The Student Life Study keeps in mind that students’ lives are filled to the brim with schoolwork, fun, stress and much more, which is exactly why it is so flexible. This feature is due in part to those working on the project who have either experienced the life of a modern college student or have witnessed their struggles.

Schupbach herself graduated from Kent State last spring. She said the pandemic and the rise of social media has played a big role in the way Gen Z has developed, and that she has personally felt the impact of these events on culture.

“Social media creates this whole new context in which we’re operating in, it’s not really understood by scientists,” Schupbach said. “The people that we get our information from don’t understand us, so that’s what we’re setting out to do.”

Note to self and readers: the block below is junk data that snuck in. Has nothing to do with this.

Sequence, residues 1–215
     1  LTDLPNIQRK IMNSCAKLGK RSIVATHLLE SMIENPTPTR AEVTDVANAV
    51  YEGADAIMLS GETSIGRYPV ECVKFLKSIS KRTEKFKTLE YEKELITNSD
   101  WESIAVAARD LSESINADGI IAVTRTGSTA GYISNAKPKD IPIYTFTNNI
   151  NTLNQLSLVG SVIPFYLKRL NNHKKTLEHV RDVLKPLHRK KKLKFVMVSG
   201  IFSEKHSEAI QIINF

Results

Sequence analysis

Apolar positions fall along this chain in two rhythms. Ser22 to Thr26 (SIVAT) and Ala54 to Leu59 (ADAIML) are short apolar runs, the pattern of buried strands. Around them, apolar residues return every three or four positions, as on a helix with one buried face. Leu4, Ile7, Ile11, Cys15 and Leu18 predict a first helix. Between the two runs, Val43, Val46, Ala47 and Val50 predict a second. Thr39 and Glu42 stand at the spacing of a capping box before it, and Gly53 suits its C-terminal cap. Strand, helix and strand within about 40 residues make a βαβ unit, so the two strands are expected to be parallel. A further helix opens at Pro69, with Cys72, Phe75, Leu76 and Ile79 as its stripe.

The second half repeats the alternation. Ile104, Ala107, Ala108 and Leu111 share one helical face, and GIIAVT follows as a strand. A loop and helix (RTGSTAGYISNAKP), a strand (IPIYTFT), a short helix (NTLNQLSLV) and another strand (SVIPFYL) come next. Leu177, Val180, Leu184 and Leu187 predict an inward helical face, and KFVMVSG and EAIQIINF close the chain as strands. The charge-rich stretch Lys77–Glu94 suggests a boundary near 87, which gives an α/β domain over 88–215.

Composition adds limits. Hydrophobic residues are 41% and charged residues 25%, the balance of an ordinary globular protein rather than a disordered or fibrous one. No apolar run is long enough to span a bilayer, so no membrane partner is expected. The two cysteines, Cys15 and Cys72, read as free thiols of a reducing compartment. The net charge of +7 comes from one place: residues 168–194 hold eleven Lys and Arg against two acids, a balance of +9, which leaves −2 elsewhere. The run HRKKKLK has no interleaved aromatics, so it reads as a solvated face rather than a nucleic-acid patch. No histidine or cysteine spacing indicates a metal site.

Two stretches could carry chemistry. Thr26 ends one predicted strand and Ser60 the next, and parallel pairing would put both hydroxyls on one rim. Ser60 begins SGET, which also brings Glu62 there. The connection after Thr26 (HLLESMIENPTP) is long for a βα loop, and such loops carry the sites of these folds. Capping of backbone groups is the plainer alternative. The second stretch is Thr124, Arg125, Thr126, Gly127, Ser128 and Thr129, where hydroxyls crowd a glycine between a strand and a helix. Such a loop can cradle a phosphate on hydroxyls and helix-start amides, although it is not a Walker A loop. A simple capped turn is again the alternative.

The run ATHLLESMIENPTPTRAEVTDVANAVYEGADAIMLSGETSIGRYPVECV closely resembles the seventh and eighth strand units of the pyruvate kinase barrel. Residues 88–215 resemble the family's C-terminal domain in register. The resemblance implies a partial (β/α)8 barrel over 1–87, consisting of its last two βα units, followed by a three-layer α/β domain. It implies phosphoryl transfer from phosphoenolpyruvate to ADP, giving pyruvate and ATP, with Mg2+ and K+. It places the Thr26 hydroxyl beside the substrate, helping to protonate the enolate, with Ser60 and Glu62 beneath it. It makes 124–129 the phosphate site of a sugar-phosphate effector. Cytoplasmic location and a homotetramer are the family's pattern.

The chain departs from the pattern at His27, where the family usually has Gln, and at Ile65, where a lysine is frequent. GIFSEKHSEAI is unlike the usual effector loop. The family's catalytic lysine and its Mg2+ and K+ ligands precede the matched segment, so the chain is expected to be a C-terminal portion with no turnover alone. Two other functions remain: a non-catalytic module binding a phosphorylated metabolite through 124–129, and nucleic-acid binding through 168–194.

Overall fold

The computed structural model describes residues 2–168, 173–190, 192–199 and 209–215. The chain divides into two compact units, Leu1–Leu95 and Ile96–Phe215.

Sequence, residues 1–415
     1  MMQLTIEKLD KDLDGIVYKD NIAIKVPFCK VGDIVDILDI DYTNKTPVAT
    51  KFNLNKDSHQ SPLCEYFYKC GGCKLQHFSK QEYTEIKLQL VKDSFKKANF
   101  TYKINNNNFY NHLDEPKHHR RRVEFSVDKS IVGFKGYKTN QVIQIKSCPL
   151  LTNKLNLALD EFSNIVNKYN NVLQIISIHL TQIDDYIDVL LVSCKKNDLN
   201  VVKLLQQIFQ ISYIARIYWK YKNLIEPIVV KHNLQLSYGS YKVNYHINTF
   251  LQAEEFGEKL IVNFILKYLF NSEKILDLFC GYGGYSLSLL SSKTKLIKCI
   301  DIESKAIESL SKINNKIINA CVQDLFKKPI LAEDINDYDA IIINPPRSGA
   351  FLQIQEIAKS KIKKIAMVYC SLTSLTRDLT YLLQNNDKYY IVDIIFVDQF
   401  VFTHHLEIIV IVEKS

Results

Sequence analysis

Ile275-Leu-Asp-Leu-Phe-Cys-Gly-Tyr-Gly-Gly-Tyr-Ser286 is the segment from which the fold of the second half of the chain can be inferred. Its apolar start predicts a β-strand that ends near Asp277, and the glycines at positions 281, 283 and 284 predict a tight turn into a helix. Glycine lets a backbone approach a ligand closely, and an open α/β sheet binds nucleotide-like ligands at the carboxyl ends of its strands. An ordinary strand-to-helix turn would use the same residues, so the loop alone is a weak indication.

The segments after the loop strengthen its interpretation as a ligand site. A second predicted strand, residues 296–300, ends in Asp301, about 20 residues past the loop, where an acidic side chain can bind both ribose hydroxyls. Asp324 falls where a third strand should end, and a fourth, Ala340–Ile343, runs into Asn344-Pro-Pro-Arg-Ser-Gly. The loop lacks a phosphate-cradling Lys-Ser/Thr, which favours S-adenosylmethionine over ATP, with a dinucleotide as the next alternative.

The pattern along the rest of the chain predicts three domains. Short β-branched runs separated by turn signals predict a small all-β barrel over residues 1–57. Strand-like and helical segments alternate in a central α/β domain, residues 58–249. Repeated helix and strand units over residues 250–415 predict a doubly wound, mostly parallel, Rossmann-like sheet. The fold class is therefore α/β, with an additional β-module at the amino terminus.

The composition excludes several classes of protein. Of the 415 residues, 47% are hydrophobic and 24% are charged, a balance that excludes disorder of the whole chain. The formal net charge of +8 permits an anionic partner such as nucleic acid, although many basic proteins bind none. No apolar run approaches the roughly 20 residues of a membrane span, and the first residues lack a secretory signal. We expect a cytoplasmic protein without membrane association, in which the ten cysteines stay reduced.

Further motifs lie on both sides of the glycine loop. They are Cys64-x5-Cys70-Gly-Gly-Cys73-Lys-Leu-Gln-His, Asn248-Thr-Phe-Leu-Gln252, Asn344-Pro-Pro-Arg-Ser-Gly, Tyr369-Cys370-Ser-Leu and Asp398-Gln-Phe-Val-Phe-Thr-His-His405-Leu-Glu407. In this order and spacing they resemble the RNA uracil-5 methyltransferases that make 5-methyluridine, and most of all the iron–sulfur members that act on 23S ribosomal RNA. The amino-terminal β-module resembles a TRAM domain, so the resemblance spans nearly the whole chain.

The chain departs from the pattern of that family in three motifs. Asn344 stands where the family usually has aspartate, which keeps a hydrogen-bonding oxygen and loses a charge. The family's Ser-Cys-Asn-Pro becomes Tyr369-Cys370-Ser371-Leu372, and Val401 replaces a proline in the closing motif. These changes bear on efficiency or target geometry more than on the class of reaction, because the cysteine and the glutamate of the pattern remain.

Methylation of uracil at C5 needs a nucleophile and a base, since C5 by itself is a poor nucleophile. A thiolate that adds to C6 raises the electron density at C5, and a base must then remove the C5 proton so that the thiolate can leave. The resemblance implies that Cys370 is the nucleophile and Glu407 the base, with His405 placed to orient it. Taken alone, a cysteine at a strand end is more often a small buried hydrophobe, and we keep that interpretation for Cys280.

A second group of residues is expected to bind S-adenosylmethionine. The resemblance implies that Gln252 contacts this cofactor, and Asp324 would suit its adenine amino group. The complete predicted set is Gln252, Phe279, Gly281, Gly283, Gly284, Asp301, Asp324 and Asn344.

The researchers in this study are taking advantage of Gen Z’s consistent use of technology.

“A lot of what we do is remote, which is a really cool new way of collecting data,” Schupbach said. “It fits Gen Z and we’re taking advantage of the fact that everyone has a phone on them.”

Most of this study is online, through apps and even email. Only a few tasks require students to be in person, and when they do, they often come with a reward.

For example, at the in-person health study, students will get a chance to receive a gift card and keep a Garmin watch — a health watch that keeps track of your heartbeat, blood oxygen levels, steps and more.